Skip to Content

4 Books That Will Get You Excited for Travel

Are you in-between trips? Dreaming of the next adventure? Unsure of where you should travel to next?

I don't know about you, but I'm at my most inspired when leafing through the pages of a decent (or sometimes decidedly trashy) book.

Many of us can't travel all the time. So, it's comforting to know that a great adventure is only the turn of a page away.

Here are four books that will get you excited for travel.

The Cargo Ship Diaries by Niall Doherty

The Cargo Ship Diaries: 2.5 years, 25 countries, 0 flights

Niall Doherty is one cool dude. He spent 44 months traversing the globe without flying, which I must say is a pretty impressive feat.

His memoir, The Cargo Ship Diaries, takes us from his real-time experience of traveling from Japan to Peru via a freighter.

Within this story, he intertwines anecdotes from his prior adventures – tales from India, Iran, Thailand and many other places around the globe.

Niall's book serves nicely as a kick up the bum for anyone who is having second thoughts about crafting a life of their own design.

Reading Lolita in Tehran by Azar Nafisi

Reading Lolita in Tehran: A Story of Love, Books and Revolution

Iran is a country that seems to have leaped onto the “must see” lists of many travelers around the world.

I don't know about you, but to me, it is a country shrouded in mystery. I don't know much about the people or the history. It's a situation that needs to be rectified, stat.

I had vaguely heard of Reading Lolita in Tehran, being a big fan of Nabokov's most infamous novel. I flicked through the pages of this book on a whim one day, and it sucked me straight in.

Iran in the 1990s is a world that will come across as so foreign, so alien to anyone who hails from the western world. I was equal parts intrigued and infuriated as I dove deeper and deeper into the pages of this book.

For those who are unfamiliar with this story, it is a memoir written by Iranian professor Azar Nafisi. After having been either expelled or voluntarily leaving three universities in Tehran, she picks seven of her best students, inviting them to come to her home every week to discuss books.

In this literary environment, they find an escape from the reality that is imposed on them by Iran's radical government – where women are seen as a threat to morality and treated accordingly.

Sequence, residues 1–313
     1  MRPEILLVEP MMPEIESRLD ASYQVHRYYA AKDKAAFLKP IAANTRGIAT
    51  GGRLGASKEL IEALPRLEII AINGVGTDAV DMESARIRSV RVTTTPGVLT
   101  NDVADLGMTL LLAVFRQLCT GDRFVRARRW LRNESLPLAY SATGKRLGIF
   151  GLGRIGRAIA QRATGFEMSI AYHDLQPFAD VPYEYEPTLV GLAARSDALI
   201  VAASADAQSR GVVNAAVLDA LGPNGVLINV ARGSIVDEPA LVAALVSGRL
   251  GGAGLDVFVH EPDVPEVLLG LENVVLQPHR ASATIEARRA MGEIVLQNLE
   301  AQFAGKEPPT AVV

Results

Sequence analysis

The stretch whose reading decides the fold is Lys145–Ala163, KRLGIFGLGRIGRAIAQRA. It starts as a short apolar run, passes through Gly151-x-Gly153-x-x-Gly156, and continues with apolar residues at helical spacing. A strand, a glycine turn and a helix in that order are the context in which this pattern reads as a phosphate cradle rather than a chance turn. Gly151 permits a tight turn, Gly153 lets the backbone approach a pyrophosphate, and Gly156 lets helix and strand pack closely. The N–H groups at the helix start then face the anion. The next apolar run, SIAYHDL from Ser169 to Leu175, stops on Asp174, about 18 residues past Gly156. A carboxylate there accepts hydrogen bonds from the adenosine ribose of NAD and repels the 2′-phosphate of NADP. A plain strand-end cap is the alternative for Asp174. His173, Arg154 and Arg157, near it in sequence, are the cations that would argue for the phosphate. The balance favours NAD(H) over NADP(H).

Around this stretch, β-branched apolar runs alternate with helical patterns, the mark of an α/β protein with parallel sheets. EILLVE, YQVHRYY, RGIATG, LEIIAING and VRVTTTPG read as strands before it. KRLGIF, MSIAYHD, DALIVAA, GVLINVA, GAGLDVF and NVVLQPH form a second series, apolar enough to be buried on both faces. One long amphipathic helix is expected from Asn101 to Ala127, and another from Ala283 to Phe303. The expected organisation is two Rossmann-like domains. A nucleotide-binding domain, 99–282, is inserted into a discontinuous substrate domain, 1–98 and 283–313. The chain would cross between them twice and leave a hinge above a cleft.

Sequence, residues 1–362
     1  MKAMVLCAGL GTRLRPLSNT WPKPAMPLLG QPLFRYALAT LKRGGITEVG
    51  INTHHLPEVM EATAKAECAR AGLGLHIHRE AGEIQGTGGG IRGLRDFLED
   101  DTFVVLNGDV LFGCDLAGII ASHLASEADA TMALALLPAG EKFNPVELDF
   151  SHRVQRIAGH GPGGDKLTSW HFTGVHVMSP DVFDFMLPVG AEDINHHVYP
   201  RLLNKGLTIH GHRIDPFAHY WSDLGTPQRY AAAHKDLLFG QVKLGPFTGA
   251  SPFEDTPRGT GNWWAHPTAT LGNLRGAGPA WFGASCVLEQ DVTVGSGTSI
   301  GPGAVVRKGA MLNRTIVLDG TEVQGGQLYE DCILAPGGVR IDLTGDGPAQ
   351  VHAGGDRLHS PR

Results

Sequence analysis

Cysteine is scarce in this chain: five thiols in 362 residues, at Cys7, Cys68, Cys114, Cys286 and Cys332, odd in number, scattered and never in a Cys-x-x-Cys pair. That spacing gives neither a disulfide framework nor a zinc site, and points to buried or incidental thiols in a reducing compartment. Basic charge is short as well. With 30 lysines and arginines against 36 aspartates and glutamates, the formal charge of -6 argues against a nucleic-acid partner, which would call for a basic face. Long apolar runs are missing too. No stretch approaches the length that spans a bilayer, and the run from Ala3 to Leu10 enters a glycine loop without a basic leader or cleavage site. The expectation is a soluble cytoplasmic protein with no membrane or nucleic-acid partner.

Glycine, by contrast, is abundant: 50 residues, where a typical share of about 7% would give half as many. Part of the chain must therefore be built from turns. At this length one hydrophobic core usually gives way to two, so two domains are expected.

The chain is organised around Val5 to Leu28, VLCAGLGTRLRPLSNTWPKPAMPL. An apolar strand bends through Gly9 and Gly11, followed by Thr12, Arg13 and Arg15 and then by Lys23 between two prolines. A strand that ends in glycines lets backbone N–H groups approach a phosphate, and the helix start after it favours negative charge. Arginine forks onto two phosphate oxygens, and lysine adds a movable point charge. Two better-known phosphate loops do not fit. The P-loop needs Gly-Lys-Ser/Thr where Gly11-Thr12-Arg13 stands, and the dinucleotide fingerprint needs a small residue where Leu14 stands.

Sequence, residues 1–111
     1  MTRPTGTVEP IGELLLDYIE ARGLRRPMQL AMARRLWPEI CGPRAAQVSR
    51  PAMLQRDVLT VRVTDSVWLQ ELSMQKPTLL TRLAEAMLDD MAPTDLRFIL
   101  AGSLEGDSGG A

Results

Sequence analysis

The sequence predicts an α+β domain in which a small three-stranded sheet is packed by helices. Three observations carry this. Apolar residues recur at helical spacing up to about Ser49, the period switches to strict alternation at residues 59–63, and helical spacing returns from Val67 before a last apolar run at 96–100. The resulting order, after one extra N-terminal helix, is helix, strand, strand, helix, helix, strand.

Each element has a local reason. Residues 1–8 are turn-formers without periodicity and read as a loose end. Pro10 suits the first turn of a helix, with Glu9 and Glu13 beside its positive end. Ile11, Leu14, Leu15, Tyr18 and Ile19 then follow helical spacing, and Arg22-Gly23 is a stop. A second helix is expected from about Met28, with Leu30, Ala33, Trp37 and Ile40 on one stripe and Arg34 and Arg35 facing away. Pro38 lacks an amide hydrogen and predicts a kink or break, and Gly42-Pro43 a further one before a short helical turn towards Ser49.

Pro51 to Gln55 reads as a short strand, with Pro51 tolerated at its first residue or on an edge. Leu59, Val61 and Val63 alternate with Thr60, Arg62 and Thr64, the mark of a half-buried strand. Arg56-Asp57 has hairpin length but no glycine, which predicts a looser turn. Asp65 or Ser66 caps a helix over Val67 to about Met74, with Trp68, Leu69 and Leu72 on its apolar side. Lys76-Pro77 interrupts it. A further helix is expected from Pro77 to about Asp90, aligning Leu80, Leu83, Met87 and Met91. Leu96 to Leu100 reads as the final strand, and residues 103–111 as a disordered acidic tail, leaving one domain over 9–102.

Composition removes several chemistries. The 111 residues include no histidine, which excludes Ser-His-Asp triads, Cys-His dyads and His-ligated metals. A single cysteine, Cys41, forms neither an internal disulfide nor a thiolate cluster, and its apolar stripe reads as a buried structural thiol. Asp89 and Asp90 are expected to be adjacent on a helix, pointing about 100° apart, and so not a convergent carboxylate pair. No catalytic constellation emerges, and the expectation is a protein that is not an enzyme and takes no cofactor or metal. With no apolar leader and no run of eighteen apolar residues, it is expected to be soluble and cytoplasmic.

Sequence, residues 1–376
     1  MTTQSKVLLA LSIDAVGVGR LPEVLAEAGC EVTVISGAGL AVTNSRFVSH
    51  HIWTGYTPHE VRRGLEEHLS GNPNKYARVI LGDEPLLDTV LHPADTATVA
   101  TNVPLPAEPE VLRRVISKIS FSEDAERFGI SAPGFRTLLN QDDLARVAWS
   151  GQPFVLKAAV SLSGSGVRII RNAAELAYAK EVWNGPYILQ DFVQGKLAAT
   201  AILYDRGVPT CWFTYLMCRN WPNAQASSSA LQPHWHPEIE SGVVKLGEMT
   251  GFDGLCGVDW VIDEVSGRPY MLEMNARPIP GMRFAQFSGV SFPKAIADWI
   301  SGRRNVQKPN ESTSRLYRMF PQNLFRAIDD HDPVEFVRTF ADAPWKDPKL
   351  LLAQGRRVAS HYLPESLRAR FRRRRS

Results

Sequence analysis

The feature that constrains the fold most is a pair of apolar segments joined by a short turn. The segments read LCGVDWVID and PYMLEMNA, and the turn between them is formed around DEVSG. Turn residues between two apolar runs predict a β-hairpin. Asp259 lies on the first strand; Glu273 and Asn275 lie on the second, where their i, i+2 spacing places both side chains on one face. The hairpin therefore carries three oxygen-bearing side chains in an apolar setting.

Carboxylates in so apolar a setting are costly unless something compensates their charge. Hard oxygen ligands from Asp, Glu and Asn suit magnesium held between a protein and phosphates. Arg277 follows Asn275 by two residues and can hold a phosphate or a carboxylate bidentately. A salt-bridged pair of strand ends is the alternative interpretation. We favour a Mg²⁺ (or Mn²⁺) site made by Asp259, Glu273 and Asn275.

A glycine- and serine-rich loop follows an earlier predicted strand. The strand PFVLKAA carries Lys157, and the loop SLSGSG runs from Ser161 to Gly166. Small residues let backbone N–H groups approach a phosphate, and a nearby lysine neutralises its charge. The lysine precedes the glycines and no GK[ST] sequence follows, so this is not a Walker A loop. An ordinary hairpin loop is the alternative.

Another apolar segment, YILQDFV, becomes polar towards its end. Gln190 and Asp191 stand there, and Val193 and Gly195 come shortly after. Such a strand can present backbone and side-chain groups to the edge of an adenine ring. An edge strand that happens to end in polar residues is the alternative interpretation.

Nafisi is that rare kind of a teacher – one that believes in and supports her students. She encourages them not only to look to these classics of Western literature to find some sense within the world they inhabit but to look at and find peace deep inside themselves.

Vague Direction by Dave Gill

Vague Direction

Dave Gill's greatest fear is to wake up one morning with the realization that he has wasted his life.

He recognizes at the age of 23 that it's good to catch these feelings early on, as it gives you the opportunity to do something about it.

He puts his life on hold – quitting his job and selling almost everything he owns, to head to North America. Here, he embarks upon a year-long journey around the USA and Canada on a bike he scored for £150 pounds off eBay, without any prior training.

He meets all sorts of personality types along the way, rolls through constant mechanical traumas with his bike and suffers a series of exhilarating highs and all-time lows (“It’s this weird way of life where nothing is moderate. It’s great or it’s shit. Rarely, it’s in between.”).

That longing for adventure seems to be part of the human condition. Most of us spend ample amounts of time wishing to break away from the monotony of everyday life.

Yet, who ends up doing it? Or more importantly, how many people are in a position where they can justifiably get away with falling off the edge of a map for a year?

Maybe just enough. Gill’s book is a read for anyone who is raring to give up everything they’ve got for a great adventure but needs a final push.

Girls Who Travel by Nicole Trilivas

Girls Who Travel

I was reeling somewhat after finishing Reading Lolita. So, I needed something light and easy to dive into.

As it turned out, Girls Who Travel was the book I was looking for.

23-year-old Kika Shores is finding out the hard way that she is not suited to corporate life. After returning from a yearlong backpacking trip, all she wants is to get back on the road.

So, when she's offered a job as an au pair in London, she jumps at the opportunity to live overseas and get paid for it.

Many travelers strongly believe that you have to do just that – travel to find adventure. As this book proves, sometimes you don't need to go searching for adventure – it can find you.

This book is a quick and easy read – I finished it over a twenty-four hour period. Perfect for a day at the beach, a long haul flight or any other activity that encourages you to mindlessly switch off.

So, pour yourself a cup of tea, settle into your favorite chair and get lost in the pages of your next adventure.

Planning a trip? Go Backpacking recommends:


Monday 21st of March 2016

The idea of traveling on a cargo ship has always intrigued me. I think I will pick up this book, and then I will make my decision on whether or not to actually go through with it.

LC Haughey

Tuesday 22nd of March 2016

If that's a thought that's been at the forefront of your mind, then I definitely recommend reading Niall's book. :)

Comments are closed.